Flavor - Depth (1-10) 8.6
Body - Mouthfeel (1-5) 3.1
Finish - Aftertaste (1-10) 8.4
Cupper's Correction (1-5) 0 Intensity/Prime Attribute: Mild intensity / crisp, sweet, light-bodied cup
add 50 50 Roast: I like true Full City, just before 2nd crack. Even a bit into 2nd is nice - at this stage it is more bittersweet than sweet. I also notice that, with rest of several days, the body is much greater than I score here in the review.
Score (Max. 100) 84.4 Compare to: Island coffee qualities in some regards, a sweet and straightforward cup that is, nonetheless, quite incomparabale.

Australian Mountain Top XF
Country: Australia Grade: XF -Extra Fancy Region: New South Wales Mark: Mountain Top Estate
Processing: Wet Process Crop: April 2005 Arrival Appearance: .7 d/300gr, 17-18 screen Varietal: Bourbon-derived hybrid
Dry Fragrance (1-5) 3.0 Notes: Mountain Top is a farm in SE Australia, about 2 hours south of Brisbane and 5 minutes west of Nimbin. This selected area is unique because of the altitude and unique volcanic red soils. The farm itself is on the slopes of the extinct volcano, Mt. Warning. The area is a lush, subtropical environment, and is unique in coffee since this is the southernmost growing area I am aware of. It's also unique in that this growing area is quite distant from where most Aussie coffees come from, at least the Skybury from Mareeba in the north, which is a fully mechanized farm akin to Kauai coffee. And this is the first time we have bought an Aussie coffee, after years of evaluating Skybury samples and finding the flavors to be somewhere between copy paper and plastic wrappers, this is such a relief. Now, for the preparation; it is a little embarassing to call this Extra Fancy because compared to a really nice Kona XF, the green coffee is not much to look at. It has a peculiar rounded form which is somewhat like Bourbon cultivar, and somewhat like Mundo Novo.My 300 gram sample has one broken bean, and a couple other oddities that won't affect the cup but make it seem that XF grade is a stretch. Nonetheless, we are not "eye-cuppers" here - we don't judge coffee by making pronouncements about the green appearance, since many perfectly prepared green coffees cup like cardboard. Now the cup ... the best part ... The cup is crisp and light-bodied. It's an odd term but very appropriate here: juicy! This cup is very juicy and has a very nice sweetness to it that is almost like pine sap, sharp sweet. In a way, it shares some cup qualities with Isle of Saint Helena coffees; the body is thin and their is this sweet clarity in the cup. How many times can I use the word "sweet" in describing this coffee? It would be a great training tool to show people what "sweet" coffee is... and it has brightness, something I have never truly experienced in an Aussie coffee. Overall, the flavors exist in a compact range, and the sweet aftertaste seems to linger for an appropriate amount of time given the lighter body. We will have a limited amount of Mountain Top this year and when this arrival is gone, that's it!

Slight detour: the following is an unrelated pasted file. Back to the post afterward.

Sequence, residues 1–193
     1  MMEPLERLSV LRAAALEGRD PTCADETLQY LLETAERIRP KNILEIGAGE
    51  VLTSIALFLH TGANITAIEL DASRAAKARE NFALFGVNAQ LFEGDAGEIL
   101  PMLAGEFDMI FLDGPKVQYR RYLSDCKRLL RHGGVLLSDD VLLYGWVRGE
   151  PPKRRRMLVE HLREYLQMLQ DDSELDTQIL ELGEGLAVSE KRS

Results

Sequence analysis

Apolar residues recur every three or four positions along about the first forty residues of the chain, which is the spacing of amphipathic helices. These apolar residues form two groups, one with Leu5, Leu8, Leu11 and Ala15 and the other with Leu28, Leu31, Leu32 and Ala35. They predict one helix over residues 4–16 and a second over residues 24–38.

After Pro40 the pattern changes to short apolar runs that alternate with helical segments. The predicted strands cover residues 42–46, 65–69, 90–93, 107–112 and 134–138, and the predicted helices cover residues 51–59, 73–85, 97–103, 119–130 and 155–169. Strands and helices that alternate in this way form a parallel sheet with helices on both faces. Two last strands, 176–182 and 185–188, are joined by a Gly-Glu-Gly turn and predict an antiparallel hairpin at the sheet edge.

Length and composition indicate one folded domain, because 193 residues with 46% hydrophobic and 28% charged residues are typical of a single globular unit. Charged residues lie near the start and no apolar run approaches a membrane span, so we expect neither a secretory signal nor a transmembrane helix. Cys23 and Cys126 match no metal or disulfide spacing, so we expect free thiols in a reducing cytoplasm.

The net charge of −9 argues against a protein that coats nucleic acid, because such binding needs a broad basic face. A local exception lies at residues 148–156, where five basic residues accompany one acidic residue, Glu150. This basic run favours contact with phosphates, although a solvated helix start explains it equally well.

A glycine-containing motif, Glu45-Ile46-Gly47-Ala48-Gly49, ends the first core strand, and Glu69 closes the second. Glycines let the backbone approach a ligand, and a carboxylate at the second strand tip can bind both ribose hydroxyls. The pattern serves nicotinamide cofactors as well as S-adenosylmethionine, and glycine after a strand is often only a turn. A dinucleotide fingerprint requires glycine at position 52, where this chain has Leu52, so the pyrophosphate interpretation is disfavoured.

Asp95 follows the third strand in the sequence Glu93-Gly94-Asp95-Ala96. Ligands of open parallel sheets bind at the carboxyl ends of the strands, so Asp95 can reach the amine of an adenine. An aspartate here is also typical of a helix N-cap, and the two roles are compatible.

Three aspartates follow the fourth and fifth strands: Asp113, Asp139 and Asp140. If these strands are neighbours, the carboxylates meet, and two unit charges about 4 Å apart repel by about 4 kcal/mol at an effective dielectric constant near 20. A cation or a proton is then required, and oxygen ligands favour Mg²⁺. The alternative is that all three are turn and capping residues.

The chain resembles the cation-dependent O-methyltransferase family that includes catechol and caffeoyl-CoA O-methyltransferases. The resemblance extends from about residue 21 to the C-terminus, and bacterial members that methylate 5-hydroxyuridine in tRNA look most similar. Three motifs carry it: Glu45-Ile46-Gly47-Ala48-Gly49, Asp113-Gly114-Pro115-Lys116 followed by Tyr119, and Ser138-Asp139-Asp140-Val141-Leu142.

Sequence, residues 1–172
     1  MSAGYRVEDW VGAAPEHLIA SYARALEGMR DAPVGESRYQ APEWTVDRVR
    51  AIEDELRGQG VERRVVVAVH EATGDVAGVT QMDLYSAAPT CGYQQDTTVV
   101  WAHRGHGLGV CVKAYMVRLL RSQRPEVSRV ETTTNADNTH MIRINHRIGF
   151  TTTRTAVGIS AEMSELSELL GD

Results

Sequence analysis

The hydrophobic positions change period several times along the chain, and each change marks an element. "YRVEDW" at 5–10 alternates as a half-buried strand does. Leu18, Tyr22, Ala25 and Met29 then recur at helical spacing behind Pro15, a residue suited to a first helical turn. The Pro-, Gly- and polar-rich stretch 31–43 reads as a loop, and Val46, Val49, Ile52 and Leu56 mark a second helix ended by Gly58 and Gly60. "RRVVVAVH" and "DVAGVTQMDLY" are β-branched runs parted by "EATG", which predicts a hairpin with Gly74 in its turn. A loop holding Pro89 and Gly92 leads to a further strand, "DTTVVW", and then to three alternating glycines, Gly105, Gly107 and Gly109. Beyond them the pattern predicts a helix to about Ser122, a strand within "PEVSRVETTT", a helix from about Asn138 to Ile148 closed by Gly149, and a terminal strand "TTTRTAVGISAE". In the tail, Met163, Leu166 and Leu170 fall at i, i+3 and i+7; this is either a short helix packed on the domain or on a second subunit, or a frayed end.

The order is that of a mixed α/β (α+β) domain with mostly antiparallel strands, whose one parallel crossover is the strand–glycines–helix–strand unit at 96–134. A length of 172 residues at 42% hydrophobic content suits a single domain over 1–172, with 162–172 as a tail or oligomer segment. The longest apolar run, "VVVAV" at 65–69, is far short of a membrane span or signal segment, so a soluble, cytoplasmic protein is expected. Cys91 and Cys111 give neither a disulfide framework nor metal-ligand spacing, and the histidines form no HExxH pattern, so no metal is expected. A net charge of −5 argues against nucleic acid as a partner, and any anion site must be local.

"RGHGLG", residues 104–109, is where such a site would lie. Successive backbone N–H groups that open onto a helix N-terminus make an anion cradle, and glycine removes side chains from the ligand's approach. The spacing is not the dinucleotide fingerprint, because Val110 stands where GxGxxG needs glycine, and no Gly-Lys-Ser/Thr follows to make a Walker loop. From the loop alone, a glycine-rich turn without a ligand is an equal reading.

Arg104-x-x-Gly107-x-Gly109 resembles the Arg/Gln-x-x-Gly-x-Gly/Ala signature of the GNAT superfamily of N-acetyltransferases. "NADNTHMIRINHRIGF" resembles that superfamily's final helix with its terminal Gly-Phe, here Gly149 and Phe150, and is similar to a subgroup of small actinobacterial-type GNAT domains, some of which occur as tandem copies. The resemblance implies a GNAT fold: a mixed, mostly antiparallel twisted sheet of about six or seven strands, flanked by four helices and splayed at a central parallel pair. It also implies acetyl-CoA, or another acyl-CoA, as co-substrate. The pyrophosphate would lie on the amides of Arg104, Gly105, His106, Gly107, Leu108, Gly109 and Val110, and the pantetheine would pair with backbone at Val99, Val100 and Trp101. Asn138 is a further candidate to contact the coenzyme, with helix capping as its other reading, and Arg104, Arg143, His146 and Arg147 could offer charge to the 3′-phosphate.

Wet Aroma (1-5) 3.0
Brightness - Acidity (1-10) 8.3
Flavor - Depth (1-10) 8.6